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While doing laundry at my local laundromat, I saw a coin pusher game. Below is a picture, and here is a video depicting how it works (disregard non-coins).

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Essentially, one has a distribution of coins on a table, and you get to drop one coin at a time at one end, which ends up being pushed into the table, thereby potentially pushing coins off the edge. Note that you can choose where you can drop your coin, width wise. For simplicity, assume coins cannot stack on each other.

My question is, are there known limit laws for this game? That is, if I specify a distribution of coins on the table, and then start dropping coins in randomly, what can be said about how the expected number of dropped coins fluctuates, per turn. Consequently, are there various phase transitions as a function of coin density? As well, if I feed coins at a specific spot, what will the distribution of coin falls look like as a function of the table width? Do the boundary conditions (the side walls and the pusher) create interesting "modes" in the coin falling distribution?

I would think that this has to do with sand stacking cascades and KPZ growth but, do not have much experience in this area. Or perhaps this is just a simple Galton box that produces a normal distribution?

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What is the mathematical question here? – Stefan Kohl Jul 17 at 16:53

2 Answers 2

I'm not a math guy so frankly I have almost zero understanding of what you are asking but I can tell you as a person who operates these games they pay out 30-50% depending on how they are adjustment. the main mode of adjustment is the side holes where money falls into and goes into the bottom of the machine (this is the oeprators profit) can be opened and closed to adjust the payout, if the hole is mostly closed they will pay out close to 50% of what they take in, if itss open they pay out around 30% there isnt much trick to how you put in the quaters are far as i know. also the angle of the lip will adjust the pay out as well.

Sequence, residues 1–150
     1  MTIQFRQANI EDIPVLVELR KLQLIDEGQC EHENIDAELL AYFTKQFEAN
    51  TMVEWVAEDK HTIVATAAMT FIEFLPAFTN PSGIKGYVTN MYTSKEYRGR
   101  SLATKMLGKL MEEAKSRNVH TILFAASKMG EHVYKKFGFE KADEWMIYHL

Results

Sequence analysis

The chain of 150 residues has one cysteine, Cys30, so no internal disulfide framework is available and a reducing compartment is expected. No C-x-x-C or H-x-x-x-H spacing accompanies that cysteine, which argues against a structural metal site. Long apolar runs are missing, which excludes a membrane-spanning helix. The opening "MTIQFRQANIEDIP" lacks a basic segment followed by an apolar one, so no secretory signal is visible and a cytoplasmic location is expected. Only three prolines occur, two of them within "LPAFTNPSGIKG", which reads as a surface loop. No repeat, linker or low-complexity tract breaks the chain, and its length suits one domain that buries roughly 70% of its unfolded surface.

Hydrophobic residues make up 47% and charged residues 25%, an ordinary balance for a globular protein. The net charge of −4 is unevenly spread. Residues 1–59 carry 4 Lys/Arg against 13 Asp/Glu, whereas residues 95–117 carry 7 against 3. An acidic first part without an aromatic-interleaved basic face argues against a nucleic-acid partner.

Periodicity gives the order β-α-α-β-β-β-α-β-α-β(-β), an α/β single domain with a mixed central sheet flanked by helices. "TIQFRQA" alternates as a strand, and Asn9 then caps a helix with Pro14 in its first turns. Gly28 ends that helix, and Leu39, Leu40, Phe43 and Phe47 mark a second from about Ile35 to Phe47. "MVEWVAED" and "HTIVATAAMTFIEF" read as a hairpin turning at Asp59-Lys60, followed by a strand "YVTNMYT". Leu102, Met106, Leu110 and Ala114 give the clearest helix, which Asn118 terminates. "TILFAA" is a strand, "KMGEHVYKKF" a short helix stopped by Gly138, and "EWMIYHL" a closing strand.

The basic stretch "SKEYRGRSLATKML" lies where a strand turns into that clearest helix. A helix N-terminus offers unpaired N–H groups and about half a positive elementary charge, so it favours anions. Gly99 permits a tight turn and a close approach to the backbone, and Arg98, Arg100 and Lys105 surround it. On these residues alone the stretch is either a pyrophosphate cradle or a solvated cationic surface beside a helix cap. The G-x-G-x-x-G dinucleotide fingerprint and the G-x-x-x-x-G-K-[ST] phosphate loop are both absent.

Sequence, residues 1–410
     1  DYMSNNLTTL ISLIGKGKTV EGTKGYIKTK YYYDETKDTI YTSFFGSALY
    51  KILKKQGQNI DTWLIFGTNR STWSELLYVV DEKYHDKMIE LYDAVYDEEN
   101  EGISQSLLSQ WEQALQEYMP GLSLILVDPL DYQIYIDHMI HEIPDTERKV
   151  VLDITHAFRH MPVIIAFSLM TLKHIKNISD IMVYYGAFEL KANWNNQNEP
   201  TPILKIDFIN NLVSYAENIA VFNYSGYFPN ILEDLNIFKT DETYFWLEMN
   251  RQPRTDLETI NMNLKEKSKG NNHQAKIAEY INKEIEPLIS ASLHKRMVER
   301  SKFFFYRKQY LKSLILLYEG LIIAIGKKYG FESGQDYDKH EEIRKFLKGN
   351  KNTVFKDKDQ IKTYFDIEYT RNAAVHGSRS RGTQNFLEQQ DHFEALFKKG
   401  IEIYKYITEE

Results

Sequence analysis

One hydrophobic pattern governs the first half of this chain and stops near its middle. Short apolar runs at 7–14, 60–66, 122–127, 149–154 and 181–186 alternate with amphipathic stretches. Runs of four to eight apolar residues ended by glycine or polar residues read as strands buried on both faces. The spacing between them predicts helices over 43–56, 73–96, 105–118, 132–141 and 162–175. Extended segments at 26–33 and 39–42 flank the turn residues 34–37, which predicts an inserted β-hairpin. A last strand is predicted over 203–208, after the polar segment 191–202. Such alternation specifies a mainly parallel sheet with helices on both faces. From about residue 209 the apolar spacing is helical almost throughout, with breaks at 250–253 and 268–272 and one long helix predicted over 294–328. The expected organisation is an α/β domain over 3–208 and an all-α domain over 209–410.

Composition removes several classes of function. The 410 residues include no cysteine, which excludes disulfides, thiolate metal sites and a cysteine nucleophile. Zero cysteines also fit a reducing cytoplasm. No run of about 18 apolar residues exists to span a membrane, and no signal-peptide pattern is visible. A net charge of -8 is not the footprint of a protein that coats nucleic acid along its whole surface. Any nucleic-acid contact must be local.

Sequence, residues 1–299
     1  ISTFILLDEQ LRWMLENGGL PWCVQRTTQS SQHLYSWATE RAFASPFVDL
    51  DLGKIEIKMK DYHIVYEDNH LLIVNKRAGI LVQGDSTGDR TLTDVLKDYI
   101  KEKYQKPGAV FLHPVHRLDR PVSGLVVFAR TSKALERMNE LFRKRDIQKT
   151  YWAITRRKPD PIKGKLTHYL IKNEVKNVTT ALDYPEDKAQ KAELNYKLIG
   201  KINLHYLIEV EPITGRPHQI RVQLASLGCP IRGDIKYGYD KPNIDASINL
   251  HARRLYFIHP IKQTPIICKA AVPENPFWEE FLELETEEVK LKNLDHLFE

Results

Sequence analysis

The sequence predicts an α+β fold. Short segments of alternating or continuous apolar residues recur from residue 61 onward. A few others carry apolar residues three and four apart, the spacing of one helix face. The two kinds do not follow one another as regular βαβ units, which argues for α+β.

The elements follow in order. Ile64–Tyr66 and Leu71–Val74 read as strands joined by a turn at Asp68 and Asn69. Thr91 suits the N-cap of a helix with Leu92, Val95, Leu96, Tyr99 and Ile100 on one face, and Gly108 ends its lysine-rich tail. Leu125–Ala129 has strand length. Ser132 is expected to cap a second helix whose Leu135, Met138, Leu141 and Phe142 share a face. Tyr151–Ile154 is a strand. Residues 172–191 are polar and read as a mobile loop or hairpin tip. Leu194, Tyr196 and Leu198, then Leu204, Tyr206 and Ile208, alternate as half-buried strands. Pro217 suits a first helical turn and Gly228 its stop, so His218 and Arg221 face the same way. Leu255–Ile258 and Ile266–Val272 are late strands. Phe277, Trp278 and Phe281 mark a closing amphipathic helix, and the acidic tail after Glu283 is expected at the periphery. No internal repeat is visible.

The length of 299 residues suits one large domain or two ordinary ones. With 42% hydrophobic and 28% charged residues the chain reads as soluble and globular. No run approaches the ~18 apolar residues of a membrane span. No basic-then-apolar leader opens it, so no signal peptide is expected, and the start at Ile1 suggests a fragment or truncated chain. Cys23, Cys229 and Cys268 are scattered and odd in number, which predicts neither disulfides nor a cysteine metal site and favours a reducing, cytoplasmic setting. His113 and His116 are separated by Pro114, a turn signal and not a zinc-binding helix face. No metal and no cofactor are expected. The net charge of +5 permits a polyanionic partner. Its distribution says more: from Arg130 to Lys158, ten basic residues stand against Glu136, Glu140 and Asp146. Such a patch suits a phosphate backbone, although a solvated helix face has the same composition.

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I frequent a restaurant that has one of these machines. It has an upper level that moves toward the player then backwards. You can drop one quarter at a time through a movable slot so that you can drop several coins onto the upper shelf during one cycle.

The guys who work there have figured out pretty effective tactics and strategies for winning.

Strategy: Only play when quarters are built up heavily in the middle of the edge. (The sides don't matter.) The quarters should look like they will fall at any moment. Some may be largely over the edge but stopped from falling by other quarters lying on them.

Tactic: During one cycle, drop four quarters as close together as you can get them at the center of the machine. They act like a bulldozer to push coins in the center of the upper shelf forward. These, in turn, fall to the the lower shelf and push coins in the center toward the edge. This strategy minimizes movement of coins toward the edge slots and maximizes the flow of coins forward.

Sometimes they make quite a killing.

I win by keeping my quarters in my pocket.

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